The researchers tested the ability of 17 right-handed participants to accurately bisect 100mm horizontal lines - that is, to mark the midpoint of the lines. The participants also looked at 10 paintings by the relatively unknown abstract artist Stephen Duren, before indicating how moved they were by each picture.
The more accurate a participant was at the line bisection task, the more moved they tended to be by the pictures. Moreover, when the participants were divided into two groups according to their accuracy at the line task, it was those in the more accurate group who were more emotionally affected by the paintings.
Valeria Drago at University Florida College and her truly international team of colleagues, based in Italy, Argentina, Korea, Japan and New Zealand, said this pattern of findings was consistent with the idea that the right hemisphere of the brain is associated both with attentional skills (underlying accurate line bisection) and the perception of emotion.
"For subjects to obtain the full evocative impact, it might have been important for the viewer to be attentive to the entire painting and this might explain why the [more accurate line bisection group] experienced a greater evocative impact," the researchers said.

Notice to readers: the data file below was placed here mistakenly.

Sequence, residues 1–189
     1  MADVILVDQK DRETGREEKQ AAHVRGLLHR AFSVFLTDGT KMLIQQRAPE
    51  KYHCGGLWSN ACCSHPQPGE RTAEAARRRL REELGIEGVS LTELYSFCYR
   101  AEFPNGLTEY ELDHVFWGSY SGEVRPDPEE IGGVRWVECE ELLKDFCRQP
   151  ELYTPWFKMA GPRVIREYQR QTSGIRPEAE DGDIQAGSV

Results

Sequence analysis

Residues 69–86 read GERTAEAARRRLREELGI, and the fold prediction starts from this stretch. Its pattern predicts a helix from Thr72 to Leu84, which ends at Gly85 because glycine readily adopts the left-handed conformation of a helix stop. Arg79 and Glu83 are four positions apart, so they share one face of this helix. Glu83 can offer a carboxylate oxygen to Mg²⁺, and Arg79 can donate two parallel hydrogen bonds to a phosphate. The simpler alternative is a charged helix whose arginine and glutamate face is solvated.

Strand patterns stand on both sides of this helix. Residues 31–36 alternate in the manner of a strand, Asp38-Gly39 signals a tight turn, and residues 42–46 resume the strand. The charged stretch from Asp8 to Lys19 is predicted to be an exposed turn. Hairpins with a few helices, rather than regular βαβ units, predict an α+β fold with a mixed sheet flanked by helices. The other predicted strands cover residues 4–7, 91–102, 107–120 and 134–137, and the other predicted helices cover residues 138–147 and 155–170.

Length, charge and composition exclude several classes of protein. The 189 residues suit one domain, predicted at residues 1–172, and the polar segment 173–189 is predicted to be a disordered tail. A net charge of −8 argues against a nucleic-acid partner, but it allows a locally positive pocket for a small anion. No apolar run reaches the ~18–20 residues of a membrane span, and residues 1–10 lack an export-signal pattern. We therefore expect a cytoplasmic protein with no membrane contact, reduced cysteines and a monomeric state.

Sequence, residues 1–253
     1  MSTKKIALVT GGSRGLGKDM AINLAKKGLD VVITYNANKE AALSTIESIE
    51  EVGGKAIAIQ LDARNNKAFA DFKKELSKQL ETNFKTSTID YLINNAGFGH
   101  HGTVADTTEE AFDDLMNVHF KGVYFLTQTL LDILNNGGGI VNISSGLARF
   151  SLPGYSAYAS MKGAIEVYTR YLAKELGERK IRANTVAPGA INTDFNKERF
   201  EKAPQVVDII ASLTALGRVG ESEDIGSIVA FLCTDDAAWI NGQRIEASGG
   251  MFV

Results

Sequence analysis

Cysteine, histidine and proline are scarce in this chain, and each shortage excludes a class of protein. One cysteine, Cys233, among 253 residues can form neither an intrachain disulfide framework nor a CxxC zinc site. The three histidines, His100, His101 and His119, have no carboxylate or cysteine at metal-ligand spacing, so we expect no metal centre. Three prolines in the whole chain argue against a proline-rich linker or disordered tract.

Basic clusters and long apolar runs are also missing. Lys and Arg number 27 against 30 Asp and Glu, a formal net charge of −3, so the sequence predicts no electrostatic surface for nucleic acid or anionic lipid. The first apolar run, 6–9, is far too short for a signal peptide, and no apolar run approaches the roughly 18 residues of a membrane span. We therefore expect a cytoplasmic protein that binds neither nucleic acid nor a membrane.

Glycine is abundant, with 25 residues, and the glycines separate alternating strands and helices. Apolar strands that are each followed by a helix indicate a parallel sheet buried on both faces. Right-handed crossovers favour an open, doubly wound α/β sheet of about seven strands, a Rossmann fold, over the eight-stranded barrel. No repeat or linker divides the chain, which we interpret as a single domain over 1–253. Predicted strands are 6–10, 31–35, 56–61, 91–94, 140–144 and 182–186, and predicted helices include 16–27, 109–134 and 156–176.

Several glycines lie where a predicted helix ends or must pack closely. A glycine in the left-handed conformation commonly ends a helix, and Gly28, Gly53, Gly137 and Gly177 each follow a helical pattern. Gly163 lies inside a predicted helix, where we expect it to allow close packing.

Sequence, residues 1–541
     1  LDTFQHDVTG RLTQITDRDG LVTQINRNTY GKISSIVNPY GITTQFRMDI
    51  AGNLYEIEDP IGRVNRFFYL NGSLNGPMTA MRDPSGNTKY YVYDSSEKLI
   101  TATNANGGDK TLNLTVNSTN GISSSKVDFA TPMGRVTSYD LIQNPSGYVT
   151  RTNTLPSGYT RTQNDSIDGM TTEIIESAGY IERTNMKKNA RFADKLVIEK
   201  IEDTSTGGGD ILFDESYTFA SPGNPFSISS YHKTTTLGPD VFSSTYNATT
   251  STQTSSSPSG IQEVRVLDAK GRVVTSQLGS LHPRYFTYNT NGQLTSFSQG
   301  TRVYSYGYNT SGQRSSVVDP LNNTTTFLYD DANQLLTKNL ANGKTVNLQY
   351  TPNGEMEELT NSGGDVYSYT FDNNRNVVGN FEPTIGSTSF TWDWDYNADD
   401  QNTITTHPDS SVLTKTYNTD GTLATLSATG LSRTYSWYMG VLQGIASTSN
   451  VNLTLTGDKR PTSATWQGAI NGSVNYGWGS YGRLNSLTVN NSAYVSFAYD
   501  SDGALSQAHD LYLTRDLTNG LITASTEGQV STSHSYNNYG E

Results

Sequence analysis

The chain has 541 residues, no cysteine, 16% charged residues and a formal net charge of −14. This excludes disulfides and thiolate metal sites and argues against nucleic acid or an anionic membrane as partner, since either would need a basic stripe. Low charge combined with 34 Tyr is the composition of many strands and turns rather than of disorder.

A flaw in the study is that participants were asked to rate their emotional response to the paintings by marking a point on a horizontal line from little emotional impact on the left, to high impact on the right - a similar procedure to the line bisection task. However, in the bisection task, the less accurate participants tended to mark the midpoint further to the right than the more accurate participants, so if anything they should have shown a bias towards rating the paintings as more emotionally evocative. "It might be useful for future research to...use verbal ratings of evocative impact," the researchers said.
DRAGO, V., FINNEY, G., FOSTER, P., AMENGUAL, A., JEONG, Y., MIZUNO, T., CRUCIAN, G., HEILMAN, K. (2008). Spatial-attention and emotional evocation: Line bisection performance and visual art emotional evocation. Brain and Cognition, 66(2), 140-144. DOI: 10.1016/j.bandc.2007.06.005
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